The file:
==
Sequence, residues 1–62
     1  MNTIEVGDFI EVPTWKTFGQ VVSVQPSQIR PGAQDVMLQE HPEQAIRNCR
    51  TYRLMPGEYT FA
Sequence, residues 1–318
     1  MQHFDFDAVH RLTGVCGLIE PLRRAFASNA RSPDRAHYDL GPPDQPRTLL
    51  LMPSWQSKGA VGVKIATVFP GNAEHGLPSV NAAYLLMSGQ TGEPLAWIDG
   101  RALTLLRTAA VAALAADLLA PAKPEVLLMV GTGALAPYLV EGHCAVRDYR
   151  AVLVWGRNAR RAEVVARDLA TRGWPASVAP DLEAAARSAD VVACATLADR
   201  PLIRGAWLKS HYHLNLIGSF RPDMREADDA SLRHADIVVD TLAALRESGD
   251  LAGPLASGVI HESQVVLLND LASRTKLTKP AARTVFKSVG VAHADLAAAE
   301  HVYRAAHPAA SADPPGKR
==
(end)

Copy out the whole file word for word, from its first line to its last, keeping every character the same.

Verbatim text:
Sequence, residues 1–62
     1  MNTIEVGDFI EVPTWKTFGQ VVSVQPSQIR PGAQDVMLQE HPEQAIRNCR
    51  TYRLMPGEYT FA
Sequence, residues 1–318
     1  MQHFDFDAVH RLTGVCGLIE PLRRAFASNA RSPDRAHYDL GPPDQPRTLL
    51  LMPSWQSKGA VGVKIATVFP GNAEHGLPSV NAAYLLMSGQ TGEPLAWIDG
   101  RALTLLRTAA VAALAADLLA PAKPEVLLMV GTGALAPYLV EGHCAVRDYR
   151  AVLVWGRNAR RAEVVARDLA TRGWPASVAP DLEAAARSAD VVACATLADR
   201  PLIRGAWLKS HYHLNLIGSF RPDMREADDA SLRHADIVVD TLAALRESGD
   251  LAGPLASGVI HESQVVLLND LASRTKLTKP AARTVFKSVG VAHADLAAAE
   301  HVYRAAHPAA SADPPGKR